In addition, if you have lost a family member or friend to suicide, you should consider joining a support group to help you learn to cope with your loss. The same holds true for children who have suffered a loss; joining a group can help them learn to cope and ease the chances of survivor’s guilt common to those who lose loved ones to suicide.

Drug Overdose & Treatment

The Centers for Disease Control (CDC) states that, in 2018 over 67,000 persons died from drug overdose: over 20 persons per 100,000 citizens. While some deaths were ruled intentional, the majority were not, and the numbers don’t reflect the thousands who overdosed and survived.

What is an overdose? An overdose is the point of use where the level of drugs in a person’s system become toxic to the user, causing failure of one or more organs that sustain life. Although most people think of an overdose as being associated specifically with illicit drugs, prescription drugs are responsible for abuse and overdoses, too.

Persons under the influence of a drug usually do not realize that they have overdosed until they are in a medical emergency. If you or someone you know uses illegal drugs or abuses prescribed medications there is a risk of overdose. You should learn the signs and symptoms so that you know when to seek help in case of a drug overdose.

If you’ve had an overdose and survived, this is your wakeup call to seek help, because the next time you probably won’t be so lucky. While surviving is great, there may be long-term damage to one or more organ because of the abuse. By conquering your addiction, you may be able to reverse the damage or at least prevent it from becoming life threatening.

Effects of Drugs

Just as there are many drugs abused, there are many effects and side effects of drugs, especially when mixed with alcohol. Some effects of overdose are slowed, fast, or irregular pulse, abnormal breathing, abnormal temperature, blacking out, and changes in skin color. Those who have used a drug repeatedly usually build up a tolerance, and those who use street drugs have no idea of the ingredients or strength of what they are taking so they usually are not aware that they are overdosing. Depending on the drug of choice, they may experience seizures, delirium, difficulty breathing, anxiety, or extreme agitation. In addition, withdrawal from some drugs may in itself become a medical emergency.

Support Groups and Organizations

If you or a loved one is having addiction issues, there are many resources you can turn to for help. On the national level, there are helpline and informational resources relevant to the specific drug of choice and on the state, county, and city level you can find both help detoxing and help to stay sober from drugs once they are out of your system.

Local support groups are everywhere, and you shouldn’t hesitate to join Narcotics Anonymous or a similar group, even if you’re still using. Likewise, a local support group can help families cope with the devastating effects a drug user has on their family unit.

Treatment and Rehab

An overdose should be medically treated as soon as possible. Rather than only trying to take care of the person yourself, you should immediately call emergency responders. You can also roll the person onto their side to prevent aspiration in case they vomit and stay with them until the ambulance arrives and they receive medical treatment.

Not all treatment is rehab, and yours will depend on the drug of choice and your personal circumstances. Some drugs require hospitalization to detox, others such as prescription drugs may be monitored and decreased incrementally by your healthcare provider. That being said, rehab and joining a support group should be seriously considered so that you can address the issues that led to addiction in the first place. Surviving an overdose should be the wakeup call you need, because the next overdose may be final.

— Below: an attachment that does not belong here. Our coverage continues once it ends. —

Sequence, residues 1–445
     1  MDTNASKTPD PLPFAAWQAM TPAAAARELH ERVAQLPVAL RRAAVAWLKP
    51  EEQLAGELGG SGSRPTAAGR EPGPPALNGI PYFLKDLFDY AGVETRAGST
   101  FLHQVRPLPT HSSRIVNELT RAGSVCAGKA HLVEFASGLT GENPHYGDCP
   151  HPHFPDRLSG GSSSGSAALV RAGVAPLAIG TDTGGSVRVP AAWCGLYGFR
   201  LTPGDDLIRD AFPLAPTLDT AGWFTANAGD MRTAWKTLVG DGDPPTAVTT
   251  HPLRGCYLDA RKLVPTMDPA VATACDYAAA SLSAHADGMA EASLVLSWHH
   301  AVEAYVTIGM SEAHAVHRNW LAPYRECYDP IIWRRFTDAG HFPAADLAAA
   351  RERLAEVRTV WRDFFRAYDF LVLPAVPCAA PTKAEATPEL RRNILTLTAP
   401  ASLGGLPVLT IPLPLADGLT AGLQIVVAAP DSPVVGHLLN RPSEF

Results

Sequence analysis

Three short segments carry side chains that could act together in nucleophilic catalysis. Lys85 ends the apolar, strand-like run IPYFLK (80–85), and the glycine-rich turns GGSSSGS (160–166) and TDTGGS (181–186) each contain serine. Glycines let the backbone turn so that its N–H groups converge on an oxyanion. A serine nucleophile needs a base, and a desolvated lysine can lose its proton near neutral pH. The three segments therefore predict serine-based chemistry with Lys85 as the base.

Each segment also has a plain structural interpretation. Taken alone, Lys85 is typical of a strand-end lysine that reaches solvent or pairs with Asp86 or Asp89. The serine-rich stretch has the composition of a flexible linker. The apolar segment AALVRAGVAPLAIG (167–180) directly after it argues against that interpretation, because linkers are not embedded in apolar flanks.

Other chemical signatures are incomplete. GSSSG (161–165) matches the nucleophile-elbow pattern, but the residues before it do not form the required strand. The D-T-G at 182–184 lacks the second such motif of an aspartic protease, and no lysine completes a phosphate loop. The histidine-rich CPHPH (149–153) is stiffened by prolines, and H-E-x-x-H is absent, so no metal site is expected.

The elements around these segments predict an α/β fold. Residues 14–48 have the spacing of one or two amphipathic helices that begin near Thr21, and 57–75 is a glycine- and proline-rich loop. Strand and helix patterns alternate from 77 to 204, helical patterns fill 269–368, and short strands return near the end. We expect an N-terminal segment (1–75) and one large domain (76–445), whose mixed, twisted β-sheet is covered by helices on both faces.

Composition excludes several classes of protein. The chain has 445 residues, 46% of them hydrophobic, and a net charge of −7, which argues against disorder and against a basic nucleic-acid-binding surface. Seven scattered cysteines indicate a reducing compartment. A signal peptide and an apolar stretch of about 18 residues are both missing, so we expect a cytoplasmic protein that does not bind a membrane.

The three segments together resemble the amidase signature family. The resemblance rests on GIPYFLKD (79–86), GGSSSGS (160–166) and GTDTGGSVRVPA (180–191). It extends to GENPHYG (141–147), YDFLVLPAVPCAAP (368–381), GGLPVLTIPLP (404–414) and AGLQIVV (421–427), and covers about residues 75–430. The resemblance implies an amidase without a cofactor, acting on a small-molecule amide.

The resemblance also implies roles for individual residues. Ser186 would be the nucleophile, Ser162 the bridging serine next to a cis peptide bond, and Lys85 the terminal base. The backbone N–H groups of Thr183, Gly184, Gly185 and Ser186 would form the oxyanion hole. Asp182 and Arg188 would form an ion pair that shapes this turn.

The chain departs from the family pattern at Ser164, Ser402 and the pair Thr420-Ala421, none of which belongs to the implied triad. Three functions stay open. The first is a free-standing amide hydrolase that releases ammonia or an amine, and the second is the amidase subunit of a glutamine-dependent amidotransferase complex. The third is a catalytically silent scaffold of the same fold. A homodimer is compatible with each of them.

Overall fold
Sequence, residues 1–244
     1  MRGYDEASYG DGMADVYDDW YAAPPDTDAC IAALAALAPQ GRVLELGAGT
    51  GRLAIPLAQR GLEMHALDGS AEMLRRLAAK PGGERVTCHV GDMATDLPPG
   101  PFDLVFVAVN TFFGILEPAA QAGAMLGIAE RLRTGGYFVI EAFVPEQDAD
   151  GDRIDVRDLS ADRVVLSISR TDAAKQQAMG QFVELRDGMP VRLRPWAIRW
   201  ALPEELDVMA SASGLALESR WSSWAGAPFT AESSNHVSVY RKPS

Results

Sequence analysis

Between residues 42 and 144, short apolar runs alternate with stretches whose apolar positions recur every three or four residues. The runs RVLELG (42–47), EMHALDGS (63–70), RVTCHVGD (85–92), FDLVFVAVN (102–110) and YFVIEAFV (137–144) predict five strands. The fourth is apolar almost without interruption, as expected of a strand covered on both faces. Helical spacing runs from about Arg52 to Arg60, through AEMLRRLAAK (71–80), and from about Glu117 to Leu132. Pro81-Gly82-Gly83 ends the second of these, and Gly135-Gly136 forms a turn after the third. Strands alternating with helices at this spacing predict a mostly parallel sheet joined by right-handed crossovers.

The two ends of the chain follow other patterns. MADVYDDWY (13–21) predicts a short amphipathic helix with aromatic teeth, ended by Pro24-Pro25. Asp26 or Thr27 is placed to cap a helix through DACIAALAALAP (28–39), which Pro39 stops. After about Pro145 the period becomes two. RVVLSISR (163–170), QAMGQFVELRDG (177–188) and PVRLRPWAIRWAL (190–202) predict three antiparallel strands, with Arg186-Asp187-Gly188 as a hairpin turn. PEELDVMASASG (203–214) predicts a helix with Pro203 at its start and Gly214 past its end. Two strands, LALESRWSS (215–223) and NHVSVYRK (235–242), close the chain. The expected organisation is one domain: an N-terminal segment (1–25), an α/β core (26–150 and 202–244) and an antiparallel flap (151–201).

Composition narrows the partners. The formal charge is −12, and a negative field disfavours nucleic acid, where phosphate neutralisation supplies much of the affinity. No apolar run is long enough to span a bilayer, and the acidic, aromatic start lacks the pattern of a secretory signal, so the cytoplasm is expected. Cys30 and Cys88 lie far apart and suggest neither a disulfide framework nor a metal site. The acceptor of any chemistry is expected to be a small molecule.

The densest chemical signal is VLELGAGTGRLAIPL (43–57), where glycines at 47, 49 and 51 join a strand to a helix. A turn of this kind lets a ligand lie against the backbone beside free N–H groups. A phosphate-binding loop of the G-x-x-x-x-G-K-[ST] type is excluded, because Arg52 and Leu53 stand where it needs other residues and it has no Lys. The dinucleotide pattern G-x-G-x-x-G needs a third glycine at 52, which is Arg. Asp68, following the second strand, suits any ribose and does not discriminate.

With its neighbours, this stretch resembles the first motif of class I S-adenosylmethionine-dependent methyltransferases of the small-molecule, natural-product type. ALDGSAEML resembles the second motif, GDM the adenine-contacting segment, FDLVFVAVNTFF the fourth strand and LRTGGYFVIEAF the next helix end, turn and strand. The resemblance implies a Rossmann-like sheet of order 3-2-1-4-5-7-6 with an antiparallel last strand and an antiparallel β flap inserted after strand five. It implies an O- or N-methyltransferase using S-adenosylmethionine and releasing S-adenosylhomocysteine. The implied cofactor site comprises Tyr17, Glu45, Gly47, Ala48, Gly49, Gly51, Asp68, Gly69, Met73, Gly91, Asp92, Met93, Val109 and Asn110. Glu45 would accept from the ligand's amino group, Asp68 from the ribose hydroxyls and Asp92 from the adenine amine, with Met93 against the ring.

Info for Veterans

Many veterans return from service with anxiety, depression, or Post Traumatic Stress Disorder (PTSD). Because of the stigma attached to receiving mental health treatment, they may choose to self-medicate with alcohol or drugs, gaining immediate relief but making the issues worse in the long run. If you or a loved one is a veteran with alcohol or drug abuse issues, you should check with the VA as well as state resources for treatment and an action plan for recovery.

Because veterans who use alcohol or drugs often don’t identify with civilians who may have the same problems, a veteran-specific support group or treatment plan may be more effective in long-term success on the road to becoming substance-free.

Do You Need Help?

If you think you may have a problem with alcohol, drug use, or suicidal thoughts you can find resources here to help you understand what you’re going through, what might happen, and how to overcome the obstacles in your life. Often, educating yourself is a major step in recovery because when you’re under stress, depressed, or frightened it can be hard to think outside the box. Knowledge is power, so by accessing these pages you can find the strength and resources needed before it’s too late.

If you’re concerned for a loved one, you can learn the different options available and educate yourself on how addiction affects those in the immediate family circle of the abuser. This can help break the cycle of abuse so that it doesn’t continue into the next generation.

Choosing a Rehab Center

If you feel you need treatment to overcome your addiction, don’t just pop into the nearest hospital or rehab center. Look at the different types of help available (inpatient, outpatient, or support groups) and decide which might work best for you and your life circumstances. Once you decide what kind of help you want, examine the options in your city and state to find the best program for your own needs. Just because a rehab center is around the corner from your house doesn’t mean it’s effective; look for reviews and recovery statistics, requirements, treatment protocols, and other aspects of a program before you decide to enter a program.